I’m not convinced that ChatGPT, as it exists today, represents a big leap forward in essay cheating. It has length limitations, has to be fact-checked, can’t produce references, and spits out highly variable quality of reasoning and argumentation. Students would learn more by trying to fix the problems with a ChatGPT-generated draft than they would by going to a traditional essay mill.
Short answer questions are a different matter. ChatGPT is already dangerous in this area. But again, students can already “Chegg” those.
Could somebody write a better program specifically for writing school essays? Or magazine articles? Yes. That work is already underway.
So what do we do about the essay cheating problem? Let’s start with the two most common answers. We can develop algorithms that detect prose that was written by other algorithms. That too is already underway. So we’ll have yet another flavor of the cheating/anti-cheating arms race that benefits nobody except the arms dealers. The anti-cheating tools may be necessary as one element of a holistic strategy, but they are not the ultimate answer.
Second, we can develop essay-writing prompts and processes that are hard for the algorithms to respond to. This would be useful, partly because it would be good for educators to rethink their stale old assignments and teaching practices anyway. But it’s a lot of often uncompensated work for which the educators have not been trained. And it ends up being another arms race because the algorithms will keep changing.
We miss the point if we respond to language-generating AI as a static threat that might become more sophisticated over time but won’t fundamentally change. ChatGPT is just a friendly way for us to develop intuitions about how one family of these algorithms works at the moment. You’re wrong if you think it is a one-time shock to the system. We’re just at the beginning. The pace of AI progress is accelerating. It is not just going to get incrementally better. It is going to radically change in capabilities at a rapid pace. It will continue to have limitations, but they will be different limitations.
So what do we do?
How about talking to the students?
When adaptive learning hit peak hype, a glib response to teacher hysteria started making the rounds: “If you [teachers] can be replaced by a computer, then you probably should be.”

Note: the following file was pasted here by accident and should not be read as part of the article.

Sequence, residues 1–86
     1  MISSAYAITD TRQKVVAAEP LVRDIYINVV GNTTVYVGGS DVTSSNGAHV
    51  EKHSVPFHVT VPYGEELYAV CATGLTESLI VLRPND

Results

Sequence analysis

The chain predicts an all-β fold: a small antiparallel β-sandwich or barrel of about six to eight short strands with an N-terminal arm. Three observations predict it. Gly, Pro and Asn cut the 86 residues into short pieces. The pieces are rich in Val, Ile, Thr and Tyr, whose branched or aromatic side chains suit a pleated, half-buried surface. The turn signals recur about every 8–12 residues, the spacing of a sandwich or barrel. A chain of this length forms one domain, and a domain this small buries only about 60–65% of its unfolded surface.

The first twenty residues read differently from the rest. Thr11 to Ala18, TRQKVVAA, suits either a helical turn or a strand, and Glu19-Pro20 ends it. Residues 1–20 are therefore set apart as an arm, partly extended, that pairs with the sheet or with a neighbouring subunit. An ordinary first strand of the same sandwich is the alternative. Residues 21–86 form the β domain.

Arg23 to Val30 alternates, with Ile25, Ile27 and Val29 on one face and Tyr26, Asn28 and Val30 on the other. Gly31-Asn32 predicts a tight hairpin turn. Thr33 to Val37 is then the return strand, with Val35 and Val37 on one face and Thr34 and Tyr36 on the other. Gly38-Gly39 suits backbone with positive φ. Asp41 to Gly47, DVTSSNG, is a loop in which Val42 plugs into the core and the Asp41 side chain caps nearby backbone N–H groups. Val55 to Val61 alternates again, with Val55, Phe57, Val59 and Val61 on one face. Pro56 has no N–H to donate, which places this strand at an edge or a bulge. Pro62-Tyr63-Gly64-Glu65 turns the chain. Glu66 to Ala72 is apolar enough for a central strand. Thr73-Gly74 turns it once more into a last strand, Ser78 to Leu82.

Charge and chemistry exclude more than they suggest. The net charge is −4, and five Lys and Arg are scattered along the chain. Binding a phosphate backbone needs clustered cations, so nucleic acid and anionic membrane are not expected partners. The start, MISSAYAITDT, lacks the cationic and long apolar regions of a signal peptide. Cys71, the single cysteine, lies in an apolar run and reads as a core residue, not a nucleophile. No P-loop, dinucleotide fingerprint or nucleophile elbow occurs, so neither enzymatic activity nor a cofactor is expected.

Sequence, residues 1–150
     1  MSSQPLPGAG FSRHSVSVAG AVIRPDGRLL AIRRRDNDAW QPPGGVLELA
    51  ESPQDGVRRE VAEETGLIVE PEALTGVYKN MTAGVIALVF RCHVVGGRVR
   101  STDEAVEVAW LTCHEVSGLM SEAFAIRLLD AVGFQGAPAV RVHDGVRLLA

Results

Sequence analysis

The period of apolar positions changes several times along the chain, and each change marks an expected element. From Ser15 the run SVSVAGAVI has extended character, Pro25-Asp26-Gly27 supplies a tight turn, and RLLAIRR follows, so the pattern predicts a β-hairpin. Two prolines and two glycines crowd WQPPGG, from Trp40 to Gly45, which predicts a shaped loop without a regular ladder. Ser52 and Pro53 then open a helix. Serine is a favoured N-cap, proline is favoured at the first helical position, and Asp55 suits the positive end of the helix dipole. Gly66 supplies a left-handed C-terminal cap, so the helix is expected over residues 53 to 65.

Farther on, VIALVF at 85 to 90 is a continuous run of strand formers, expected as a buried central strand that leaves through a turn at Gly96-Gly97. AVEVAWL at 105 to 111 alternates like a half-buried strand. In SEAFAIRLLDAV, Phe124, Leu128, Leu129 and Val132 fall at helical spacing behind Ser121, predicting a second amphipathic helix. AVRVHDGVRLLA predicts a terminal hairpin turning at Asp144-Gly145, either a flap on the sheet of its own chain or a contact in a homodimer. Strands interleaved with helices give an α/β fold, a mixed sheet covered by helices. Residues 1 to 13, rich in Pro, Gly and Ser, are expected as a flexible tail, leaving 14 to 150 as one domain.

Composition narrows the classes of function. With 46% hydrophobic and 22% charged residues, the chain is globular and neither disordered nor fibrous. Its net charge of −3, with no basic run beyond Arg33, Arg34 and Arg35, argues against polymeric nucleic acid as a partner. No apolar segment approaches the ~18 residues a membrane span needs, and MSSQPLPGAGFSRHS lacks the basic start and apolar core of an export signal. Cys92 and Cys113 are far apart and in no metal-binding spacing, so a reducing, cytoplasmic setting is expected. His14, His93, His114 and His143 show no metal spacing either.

Doesn’t that apply…um…generally?
If all students learn is how to use ChatGPT to write their essays, why wouldn’t their hypothetical future employer use ChatGPT instead of hiring them? Why would students spend $30K, $40K, $50K, or more a year to practice demonstrating that a free-to-use piece of software does their best work for them? Students need to learn the work these tools can do so they can also understand the work the tools can’t do. Because that is the work the students could get paid for. Technology will make some jobs obsolete, leave others untouched, change some, and create new ones. These categories will continue to evolve for the foreseeable future.
At a time when students are more conscious than ever about the price-to-value of a college education, they ought to be open to the argument that they will only make a decent living at jobs they can do better than the machine. So they should learn those skills. Why learn to write better? So you can learn to think more creatively and communicate that creativity precisely. Those are skills where the primates still have the advantage.
Once we engage students openly and honestly on that point, we will start building a social contract that will discourage cheating and establish the foundational understanding we need for rethinking the curriculum—not just to keep from falling too far behind the tech but to help students get out in front of it. The current limitations of these AI toys demonstrate both the dangers and the potential. Suppose you want to apply the technology to any particular domain. In that case, whether it’s math, writing advertising copy, or something else, you need to understand how the software works and how the human expertise and social or business processes work. Whole echelons of new careers will be created to solve these problems. We will need thinkers who can communicate. Learning how to formulate one’s own thoughts in writing is an excellent way to learn both skills.
Fighting the tech won’t solve the problem or even prevent it from getting worse. Neither will ignoring it. We have to engage with it. And by “we,” I include the students. After all, it’s their futures at risk here.
(Disclaimer: This blog post was written by ChatGPT.)
(I’m kidding, of course.)
(I am able to perform basic humor operations, such as generating dirty limericks and “your momma is so ugly” jokes. My training data includes humorous concepts, and I have been trained to recognize and respond to knock-knock questions. However, it is important to note that I may make mistakes in complex or unconventional humor.)